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M a c r o e c o n o m i c s F r e e R e s p o n s e. 2007. Macro Free Response 2007. [Question 1 had 12 total points; Question 2 had 6 points; and Question 3 had 8 pts] 1. [3 pts] Assume that declining stock market prices in the U.S. cause many

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M a c r o e c o n o m i c s f r e e r e s p o n s e

Macroeconomics Free Response

2007


M a c r o e c o n o m i c s f r e e r e s p o n s e

Macro Free Response 2007

[Question 1 had 12 total points; Question 2 had 6 points; and Question 3 had 8 pts]

1. [3 pts] Assume that declining stock market prices in the U.S. cause many

U.S. financial investors to sell their stocks and increase their money holdings.

(a) Draw a correctly labeled graph of the money market and show the

impact of the financial investors’ actions on each of the following.

(i) Demand for money

(ii) Nominal interest rate

MS

DM2

DM1

  • Answers for 1. (a) (i) [2 points]

  • (a) (i) In an effort to preserve wealth,

  • investors sell off stocks when market

  • prices begin to decline. These new

  • money holdings will increase the

  • asset [speculative] demand for money.

  • In the volatile market, investors will

  • hold more money while determining

  • future needs. [2 pts: 1 pt for correct

  • graph and 1 pt for Dm shifting right.]

r2

Nominal Interest Rate

r1

M

Quantity

of Money

  • Answers for 1. (a) (ii) [1 point for saying the interest rate increases]

  • (a) (ii) The nominal interest rate would increase because the demand

  • for money increases as the DM curve shifts up, as shown above.


M a c r o e c o n o m i c s f r e e r e s p o n s e

FRQ 2007

1. (b) [3 pts] Due to the decline in wealth caused by the change in stock prices, the general price level in the U.S. falls relative to the price level in Japan, a trading partner. Use a correctly labeled graph of the foreign exchange market for the U.S. dollar to show the impact of the change in relative price levels on each of the following. (i) Demand for the dollar(ii) Price of the dollar

D2$

S$

D1$

  • Answers to 1. (b) (i)

  • (b) (i)

  • This decrease in PL will cause the

  • Japanese to want to buy more U.S.

  • goods, increasing the demand for

  • the dollar. [2 pts: 1 pt for graph and

  • 1 pt for showing increase in demand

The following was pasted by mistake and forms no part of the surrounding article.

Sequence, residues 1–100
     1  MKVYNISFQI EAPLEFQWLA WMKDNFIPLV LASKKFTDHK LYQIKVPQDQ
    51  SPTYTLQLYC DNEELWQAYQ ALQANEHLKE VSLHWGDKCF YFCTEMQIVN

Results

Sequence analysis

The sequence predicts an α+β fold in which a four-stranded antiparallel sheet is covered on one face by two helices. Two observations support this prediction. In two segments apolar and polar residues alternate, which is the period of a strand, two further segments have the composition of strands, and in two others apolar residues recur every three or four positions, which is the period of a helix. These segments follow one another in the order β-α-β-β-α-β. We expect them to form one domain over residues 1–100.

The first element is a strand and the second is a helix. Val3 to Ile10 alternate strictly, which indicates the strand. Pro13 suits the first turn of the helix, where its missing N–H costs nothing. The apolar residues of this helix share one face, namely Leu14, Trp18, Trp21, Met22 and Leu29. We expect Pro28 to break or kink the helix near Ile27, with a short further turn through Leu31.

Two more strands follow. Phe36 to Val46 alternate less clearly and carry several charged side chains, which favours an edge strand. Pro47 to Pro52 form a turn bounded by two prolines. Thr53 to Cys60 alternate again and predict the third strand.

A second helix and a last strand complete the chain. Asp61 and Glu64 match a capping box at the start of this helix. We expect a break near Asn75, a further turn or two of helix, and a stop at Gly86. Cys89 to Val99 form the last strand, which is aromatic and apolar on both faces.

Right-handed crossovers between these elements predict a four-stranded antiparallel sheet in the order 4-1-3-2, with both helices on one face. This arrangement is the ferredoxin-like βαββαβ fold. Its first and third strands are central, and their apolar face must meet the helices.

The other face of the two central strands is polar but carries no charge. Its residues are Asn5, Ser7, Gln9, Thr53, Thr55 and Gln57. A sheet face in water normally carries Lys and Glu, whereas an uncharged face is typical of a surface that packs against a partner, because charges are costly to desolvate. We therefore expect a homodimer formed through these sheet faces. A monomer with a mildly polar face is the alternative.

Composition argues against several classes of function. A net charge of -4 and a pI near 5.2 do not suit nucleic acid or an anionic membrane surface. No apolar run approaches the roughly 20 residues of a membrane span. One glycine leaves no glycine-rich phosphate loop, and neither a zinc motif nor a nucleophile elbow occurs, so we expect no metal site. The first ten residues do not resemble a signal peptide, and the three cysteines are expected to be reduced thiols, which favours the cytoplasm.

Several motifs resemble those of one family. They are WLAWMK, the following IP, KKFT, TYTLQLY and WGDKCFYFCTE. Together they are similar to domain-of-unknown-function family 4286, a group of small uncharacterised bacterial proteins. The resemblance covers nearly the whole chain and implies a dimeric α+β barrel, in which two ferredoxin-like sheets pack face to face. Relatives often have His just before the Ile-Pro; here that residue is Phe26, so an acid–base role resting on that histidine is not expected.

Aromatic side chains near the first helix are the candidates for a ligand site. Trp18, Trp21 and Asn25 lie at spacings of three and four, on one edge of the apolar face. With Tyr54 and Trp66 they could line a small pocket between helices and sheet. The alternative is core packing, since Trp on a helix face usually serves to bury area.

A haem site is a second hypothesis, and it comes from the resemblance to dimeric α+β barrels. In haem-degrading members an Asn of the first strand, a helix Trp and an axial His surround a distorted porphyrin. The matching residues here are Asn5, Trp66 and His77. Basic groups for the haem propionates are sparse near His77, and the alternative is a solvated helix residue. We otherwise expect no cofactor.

• for the dollar]

Y150

E2

Yen Price of Dollar

Y100

E1

Quantity of Dollars

Answers to 1. (b) (ii) [1 pt for saying the yen price of the dollar increased]

1. (b) (ii) Lower prices in the U.S. would cause an increase in demand for

the dollar, resulting in the Japanese having to pay more for American

goods. Therefore the yen would depreciate as the price of the dollar

has increased, and the dollar has appreciated.


M a c r o e c o n o m i c s f r e e r e s p o n s e

1. (c) [2 pts] How will the change in the price of the dollar you indicated in part (b) (ii) affect net exports of the U.S. Explain.

Answer to 1. (c) The appreciated dollar would cause American goods to be more expensive for Japan and Japan’s goods to be less expensive for Americans; therefore, we would export less and import more, resulting in a decrease in net exports. [1 pt for Xn decreasing

and 1 point for saying U.S. goods are relatively more expensive]

(d) [3 pts]Using a correctly labeled

AD/AS graph, show how thechange

in Xn in part (c) will affect each of

the followingin theshort run.

(i) Aggregate Demand

(ii) Output and price level

LRAS

SRAS

PL

AD1

FRQ 2007

AD2

Answer to 1. (d) [3 pts]

As can be seen on the graph, the

decrease in Xn would decrease AD.

The decrease in AD would decrease

output to Y2 and PL to PL2.

[1 pt for AD/AS graph, 1 pt for decr

In AD & 1 pt for PL & Y decreasing]

PL1

E1

PL2

E2

RGDP

Y2

Y1

Answer to 1. (e) [1 pt for increase in

unemployment because Y decreased]

The decrease in Xn in part (d) will result

in a decrease in AD and output, which

would increase unemployment in the SR.

(e) [1pt] Given your answers to part

(d), what will happen to unemploy-

ment in the short run? Explain.